If you're new to the series, selecting a character can be a daunting task, especially when you seek to identify a character who matches your play style. Fortunately, SoulCalibur V offers a diverse range of characters who specialize in rushdown, zoning, shenanigans, or all of the above. Veterans will be delighted that many familiar faces, including Ivy, Mitsurugi, Hilde and Siegfried are still in the mix. SoulCalibur V introduces several new warriors: Xiba, Leixia, Natsu, Z.W.E.I, Patroklos, Pyrrha, and Aeon. In addition, there are several "supreme" variations of past and existing characters to choose from, including Elysium (who bears a strong resemblance to Sophitia). Pyrrha and Patroklos also have "supreme" versions of their standard counterparts: Pyrrha Ω and α Patroklos. Keeping in the tradition of guest characters, this installment introduces Ezio Auditore from Assassin's Creed II and the fighting style of Tekken's Devil Jin. No more cameos from galaxies far, far away.

Aside from character selections, most concerns tends to stem from a "style" we have all encountered at one point or another: mashing. Folks, if you're dropping $60 for a game just to randomly hit buttons, not only have you wasted your money, but you're missing out on a much deeper, rewarding experience that games like SoulCalibur V have to offer. Fortunately, there's a training mode that will help you to ease into getting past those spammy tendencies and develop as a player. You could also invest in the official strategy guide and practice to shut the traps of every troll who ever ridiculed you once and for all. Maybe.

That's why I really dig the Training Mode in Soul Calibur V. Let's be honest, innovation is really lacking in this department. Players hop "in the lab" to develop their skill set, but the tools have been lacking features that help educate newcomers in particular how to actually get to a level that will produce effective results. The first thing, of course, is to get familiar with your character. It helps to govern the purpose of a particular practice session where you're looking to recreate specific situations or develop advanced strategies. There are multiple CPU states that can be configured, complete with recommended basic moves, combos and counter options, to highlight just a few of the comprehensive features featured within this mode. And to top it all off, the Replay option offers the ability to record up to three slots of footage in order to recreate just about any type of scenario you desire for offensive and defensive tactics.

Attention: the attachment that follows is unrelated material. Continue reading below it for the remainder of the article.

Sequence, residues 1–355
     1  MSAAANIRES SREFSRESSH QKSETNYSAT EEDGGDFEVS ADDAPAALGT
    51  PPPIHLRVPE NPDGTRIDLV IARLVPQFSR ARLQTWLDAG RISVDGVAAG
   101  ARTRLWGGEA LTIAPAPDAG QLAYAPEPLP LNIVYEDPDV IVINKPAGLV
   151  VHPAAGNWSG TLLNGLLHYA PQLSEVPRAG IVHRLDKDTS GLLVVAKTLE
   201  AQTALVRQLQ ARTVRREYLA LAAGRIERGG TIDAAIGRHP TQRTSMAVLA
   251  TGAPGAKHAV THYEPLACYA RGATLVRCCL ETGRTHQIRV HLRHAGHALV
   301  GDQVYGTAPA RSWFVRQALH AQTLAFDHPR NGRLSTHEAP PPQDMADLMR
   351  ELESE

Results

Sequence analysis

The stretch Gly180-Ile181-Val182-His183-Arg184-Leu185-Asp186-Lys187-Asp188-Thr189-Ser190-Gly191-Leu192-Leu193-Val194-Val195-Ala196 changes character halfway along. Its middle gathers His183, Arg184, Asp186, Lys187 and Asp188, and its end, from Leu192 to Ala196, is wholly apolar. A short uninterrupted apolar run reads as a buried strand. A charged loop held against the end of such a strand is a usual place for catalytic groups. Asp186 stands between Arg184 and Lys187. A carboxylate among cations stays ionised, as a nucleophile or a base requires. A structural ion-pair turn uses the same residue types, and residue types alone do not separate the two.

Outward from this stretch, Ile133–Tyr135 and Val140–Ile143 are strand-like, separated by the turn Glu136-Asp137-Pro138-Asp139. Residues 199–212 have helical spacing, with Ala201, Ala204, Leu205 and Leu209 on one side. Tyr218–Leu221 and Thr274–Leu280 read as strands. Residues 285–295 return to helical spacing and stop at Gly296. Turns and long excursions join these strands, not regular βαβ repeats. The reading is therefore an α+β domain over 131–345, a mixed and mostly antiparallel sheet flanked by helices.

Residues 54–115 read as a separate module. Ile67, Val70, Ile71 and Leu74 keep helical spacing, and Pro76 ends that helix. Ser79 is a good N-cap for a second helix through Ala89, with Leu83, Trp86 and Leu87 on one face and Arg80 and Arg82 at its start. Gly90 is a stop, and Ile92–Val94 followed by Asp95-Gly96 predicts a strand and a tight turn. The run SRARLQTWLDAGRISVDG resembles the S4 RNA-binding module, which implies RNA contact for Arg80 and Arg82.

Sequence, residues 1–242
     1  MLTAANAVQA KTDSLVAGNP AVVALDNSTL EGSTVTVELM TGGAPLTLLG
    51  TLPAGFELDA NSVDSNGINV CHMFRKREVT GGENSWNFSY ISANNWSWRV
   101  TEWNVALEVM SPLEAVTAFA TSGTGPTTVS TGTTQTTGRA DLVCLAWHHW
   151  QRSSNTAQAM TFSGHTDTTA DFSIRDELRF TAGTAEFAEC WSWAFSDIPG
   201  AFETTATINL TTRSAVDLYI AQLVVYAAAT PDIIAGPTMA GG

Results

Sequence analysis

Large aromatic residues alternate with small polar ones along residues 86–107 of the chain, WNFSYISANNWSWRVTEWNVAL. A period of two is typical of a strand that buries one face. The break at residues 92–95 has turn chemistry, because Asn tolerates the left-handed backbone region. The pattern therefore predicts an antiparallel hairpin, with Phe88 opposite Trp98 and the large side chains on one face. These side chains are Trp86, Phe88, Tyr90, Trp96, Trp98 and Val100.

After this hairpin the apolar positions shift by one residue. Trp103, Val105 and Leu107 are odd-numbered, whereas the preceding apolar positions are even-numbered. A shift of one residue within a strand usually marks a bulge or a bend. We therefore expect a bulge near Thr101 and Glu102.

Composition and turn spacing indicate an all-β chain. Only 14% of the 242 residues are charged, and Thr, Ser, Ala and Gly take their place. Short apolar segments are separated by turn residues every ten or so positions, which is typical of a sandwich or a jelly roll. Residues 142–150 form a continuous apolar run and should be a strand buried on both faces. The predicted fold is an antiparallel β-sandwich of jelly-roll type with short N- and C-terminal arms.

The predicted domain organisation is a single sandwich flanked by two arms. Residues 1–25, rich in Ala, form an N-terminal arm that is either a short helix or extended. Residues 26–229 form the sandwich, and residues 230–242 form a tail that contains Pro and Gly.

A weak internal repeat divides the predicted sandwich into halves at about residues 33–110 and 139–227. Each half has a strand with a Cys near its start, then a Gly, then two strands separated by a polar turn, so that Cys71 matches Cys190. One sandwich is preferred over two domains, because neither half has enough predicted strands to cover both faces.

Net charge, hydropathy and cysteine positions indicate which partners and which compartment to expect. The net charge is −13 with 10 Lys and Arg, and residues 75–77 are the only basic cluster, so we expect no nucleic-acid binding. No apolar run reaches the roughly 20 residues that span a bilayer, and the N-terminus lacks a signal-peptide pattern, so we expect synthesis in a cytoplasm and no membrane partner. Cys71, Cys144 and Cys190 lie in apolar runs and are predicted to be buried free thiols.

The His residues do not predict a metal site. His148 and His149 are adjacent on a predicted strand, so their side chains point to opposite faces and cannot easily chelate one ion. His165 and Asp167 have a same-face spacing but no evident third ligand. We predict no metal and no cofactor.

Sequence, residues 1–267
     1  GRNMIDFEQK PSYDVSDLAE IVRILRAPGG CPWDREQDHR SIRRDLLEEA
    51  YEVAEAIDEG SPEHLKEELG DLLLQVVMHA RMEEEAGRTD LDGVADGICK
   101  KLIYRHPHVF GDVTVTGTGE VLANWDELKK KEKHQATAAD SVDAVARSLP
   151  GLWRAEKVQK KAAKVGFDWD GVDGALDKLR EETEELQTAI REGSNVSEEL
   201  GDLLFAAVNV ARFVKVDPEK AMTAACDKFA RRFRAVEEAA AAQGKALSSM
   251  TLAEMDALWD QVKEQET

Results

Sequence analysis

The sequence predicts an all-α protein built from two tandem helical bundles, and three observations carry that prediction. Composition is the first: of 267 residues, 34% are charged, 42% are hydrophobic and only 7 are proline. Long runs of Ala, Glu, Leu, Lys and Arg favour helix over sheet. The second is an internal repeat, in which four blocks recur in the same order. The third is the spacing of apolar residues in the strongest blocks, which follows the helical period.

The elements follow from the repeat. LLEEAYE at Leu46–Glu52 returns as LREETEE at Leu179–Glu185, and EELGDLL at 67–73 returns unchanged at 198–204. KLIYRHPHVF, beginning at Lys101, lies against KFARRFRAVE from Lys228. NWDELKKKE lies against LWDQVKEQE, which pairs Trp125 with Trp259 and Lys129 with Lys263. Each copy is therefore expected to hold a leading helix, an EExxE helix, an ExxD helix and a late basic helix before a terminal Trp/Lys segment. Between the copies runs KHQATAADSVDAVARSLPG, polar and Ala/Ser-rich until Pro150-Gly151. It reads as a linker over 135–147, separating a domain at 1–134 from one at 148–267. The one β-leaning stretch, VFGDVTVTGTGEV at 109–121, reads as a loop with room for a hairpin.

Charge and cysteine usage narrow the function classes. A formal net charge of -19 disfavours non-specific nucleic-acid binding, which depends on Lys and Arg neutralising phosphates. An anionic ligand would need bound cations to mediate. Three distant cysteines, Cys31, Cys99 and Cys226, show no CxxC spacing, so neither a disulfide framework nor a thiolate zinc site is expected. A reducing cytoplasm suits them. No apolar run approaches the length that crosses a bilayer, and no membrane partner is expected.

I also love that this mode offers suggestions for basic moves and combos that a player should incorporate and hope that someday, developers can build upon this further by offering an interactive tutorial or something to make training less of an intimidating experience. However, this is definitely a step in the right direction and the SoulCalibur series holds the crown for the most comprensive training mode to date.There are a lot of practical uses training mode can offer, whether it comes to block punishment (which you'll encounter a lot with rushdown players, practicing combos, developing wall combos (critical if you want to incur massive damage with environments that offer the opportunity) or just focusing on specific character shenanigans. 

Of course, not everyone cares to be a virtual powerhouse. Some just want to show off their talents elsewhere, like the Character Creation Mode. To be honest, despite being an artist, I never found myself getting too excited about this option ever since it was introduced in SoulCalibur III. However, now I am starting to warm up to it, especially after coming across some impressive creations on Tumblr. As you might expect, there are a decent number of options to customize the character's facial appearance, height, weight, voice, apparel, etc. Project Soul dropped the ability to enhance character attributes like speed, health, defense and power. That's a relief, because I can barely accept dealing with all the mindless spammy Nightmare, Ezio, and Pyrrha players as it is. The last thing they need are buffs to help them be more random.

I'd be remiss if I didn't take a moment to talk about the single-player offline modes: Arcade, Story - 1607 A.D. (a.k.a. Story Mode), Vs., Quick Battle, and Legendary Souls. Arcade can be compared to a "time attack" session where you're challenged to defeat six randomly selected opponents in the best possible time. Different routes will set the tone for a different battle experience (i.e., the Asia route will only put you in a pool against characters whose origin is from Asia). After meeting certain conditions, a new route will become available that allows you to enjoy the battle from a unique perspective. The Story Mode is divided into twenty chapters based upon the journey of Patroklos to find his sister, Pyrrha, and purge the Malfested, evil minions spawned by the Soul Edge sword. Depending on your personal skill level, most can breeze through this within an hour or less.

The VS. Mode is geared towards fighting players locally or to practice sparring against specific CPU opponents. Quick Battle gets the runner-up award for Most Likely to Keep You Busy Offline as you face off against 100+ opponents, which are submitted by actual players and feature some recognizable names, like Tekken producer, Katsuhiro Harada and French tournament player extraordinaire, Kayane. If you're looking for the ultimate challenge, Legendary Souls is for you. This is an exclusive single-player mode designed for advanced players (or aspiring players looking to develop their techniques). To call this mode challenging would be an understatement; at times the CPU is just downright grueling. It excels at frame traps, Okizeme, Ukeimi Traps, and hit confirms that will punish you every. single. time. Until you have a solid grasp of the game mechanics, consider this mode off-limits.

In an era where depth and complexity tend to be rare qualities in fighters, it's refreshing to see Project Soul hasn't sold out for the sake of appealing to a broader audience. No ridiculous hitboxes, no gimmicky characters, and best of all - no dive kicks (well, broken ones anyway). SoulCalibur V balances traditional fundamentals that reward intelligent play and strategy, and yet, manages to still give novice players a reason to throw down and gain some degree of satisfaction.